In the spirit of Halloween, well-known filmmaker Guillermo del Toro recently released his new TV horror series, “Cabinet of Curiosities” to Netflix. The show, based on books, was set to release eight episodes in total, two each day starting on Oct. 25.
From the atmospheric, story-telling style introductions to the extraordinarily dark and fantastical themes of each episode, this experience truly teleports viewers to another universe– a spooky one at that.
At the start of each episode, del Toro, in a dimly-lit room, gives a short monologue introducing the story to follow. He completely sets the scene, placing the audience in the world of spooks and scares. Del Toro even presents a few props related to the episode’s contents, giving the audience a little hint as to what is to come.
Despite being a TV series, each episode is completely unrelated to the others, immersing viewers in a unique, eerie world for about sixty minutes. In fact, each episode is directed by a new person, and the differences in style are completely apparent in the best way possible. I absolutely loved that each title screen was decked out in its own art style and font, fitting the “vibe” of the episode.
The large range of themes in each episode is great for those of us who have trouble committing to an entire series with a long winded plot. Sometimes, we just want to have a low-commitment show that will be summed up within an hour. From large graveyard rats who steal dead bodies, to ghosts and world domination by aliens, this show didn’t cease to amaze me with its creativity.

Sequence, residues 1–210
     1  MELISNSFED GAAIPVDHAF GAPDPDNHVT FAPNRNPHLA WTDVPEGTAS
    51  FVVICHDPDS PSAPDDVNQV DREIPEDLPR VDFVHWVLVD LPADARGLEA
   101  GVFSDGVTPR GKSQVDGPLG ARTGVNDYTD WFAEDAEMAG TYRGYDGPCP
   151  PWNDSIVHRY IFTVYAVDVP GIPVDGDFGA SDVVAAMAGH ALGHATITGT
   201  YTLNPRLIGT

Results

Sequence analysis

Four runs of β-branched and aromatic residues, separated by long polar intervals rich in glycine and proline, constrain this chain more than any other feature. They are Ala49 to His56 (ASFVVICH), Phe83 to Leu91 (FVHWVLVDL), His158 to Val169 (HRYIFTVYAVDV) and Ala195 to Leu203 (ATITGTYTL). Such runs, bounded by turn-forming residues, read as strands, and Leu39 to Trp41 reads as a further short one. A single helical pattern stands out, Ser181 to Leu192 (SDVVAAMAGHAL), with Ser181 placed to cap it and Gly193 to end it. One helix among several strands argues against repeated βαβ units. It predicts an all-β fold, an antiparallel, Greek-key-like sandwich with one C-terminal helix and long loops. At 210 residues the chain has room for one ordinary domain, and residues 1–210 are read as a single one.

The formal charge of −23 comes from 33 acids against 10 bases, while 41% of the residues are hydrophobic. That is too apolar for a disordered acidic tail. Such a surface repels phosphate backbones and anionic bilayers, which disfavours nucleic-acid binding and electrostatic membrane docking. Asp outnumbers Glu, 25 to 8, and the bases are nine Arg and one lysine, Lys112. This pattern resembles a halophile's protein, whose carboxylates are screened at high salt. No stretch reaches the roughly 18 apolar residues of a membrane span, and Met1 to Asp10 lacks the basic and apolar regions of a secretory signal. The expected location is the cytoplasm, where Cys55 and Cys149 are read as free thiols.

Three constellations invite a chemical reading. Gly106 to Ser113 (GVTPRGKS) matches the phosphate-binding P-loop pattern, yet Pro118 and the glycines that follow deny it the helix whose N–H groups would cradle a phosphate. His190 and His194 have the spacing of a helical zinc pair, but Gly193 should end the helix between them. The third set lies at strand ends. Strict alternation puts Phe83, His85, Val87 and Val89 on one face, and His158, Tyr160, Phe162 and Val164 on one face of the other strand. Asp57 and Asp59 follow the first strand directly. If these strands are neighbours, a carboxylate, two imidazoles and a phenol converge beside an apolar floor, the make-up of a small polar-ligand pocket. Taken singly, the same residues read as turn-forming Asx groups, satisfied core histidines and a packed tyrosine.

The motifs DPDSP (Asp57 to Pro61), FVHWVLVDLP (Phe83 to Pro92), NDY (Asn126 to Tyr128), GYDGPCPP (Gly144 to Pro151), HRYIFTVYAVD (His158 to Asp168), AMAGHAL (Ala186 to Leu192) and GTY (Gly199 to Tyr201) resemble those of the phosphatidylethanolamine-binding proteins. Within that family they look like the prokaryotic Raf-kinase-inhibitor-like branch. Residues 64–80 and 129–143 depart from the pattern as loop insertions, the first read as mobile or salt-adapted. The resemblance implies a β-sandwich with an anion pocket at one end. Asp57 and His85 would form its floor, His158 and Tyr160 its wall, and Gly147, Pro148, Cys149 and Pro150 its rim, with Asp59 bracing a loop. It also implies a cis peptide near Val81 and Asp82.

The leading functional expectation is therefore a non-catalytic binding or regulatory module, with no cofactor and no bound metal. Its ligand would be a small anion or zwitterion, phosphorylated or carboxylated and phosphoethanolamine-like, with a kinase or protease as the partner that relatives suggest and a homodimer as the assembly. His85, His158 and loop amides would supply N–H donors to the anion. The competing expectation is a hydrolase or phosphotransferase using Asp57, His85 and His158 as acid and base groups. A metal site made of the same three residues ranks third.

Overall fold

Despite the show seeming to be mainly used for entertainment and shock factor, there are actually many life and moral lessons embedded in several of the stories. Episode four of the series titled “The Outside” is a great example of this.
In the episode, a woman discovers a cream that will transform her physical appearance, making her beautiful according to societal standards. As the episode unfolds, the cream is clearly more than just a skin product. It begins to morph into human-like figures, break the woman out in hideous rashes, and control her life.
She becomes hooked on the idea of attaining physical perfection, as she has always been an outcast due to her “unattractive” appearance and “awkward personality.” To fit in, she succumbs to the cream’s malicious plan, and honestly just becomes a terrible person.
This episode aims to focus on society’s unrealistic beauty standards, and to represent the lengths that people, specifically women, will go to to achieve the unachievable. Such a harsh lesson represented in just sixty minutes of a horror TV episode.
After finishing the series, I walked away from it completely saturated with the creeps in the best way possible. However, I must admit that I am biased, as I am an avid horror-enthusiast.
Del Toro did something magical here, from addressing pressing societal issues, to allowing the viewers to live in the world of spooks and scares even if only for an hour. I look forward to everything to come from del Toro.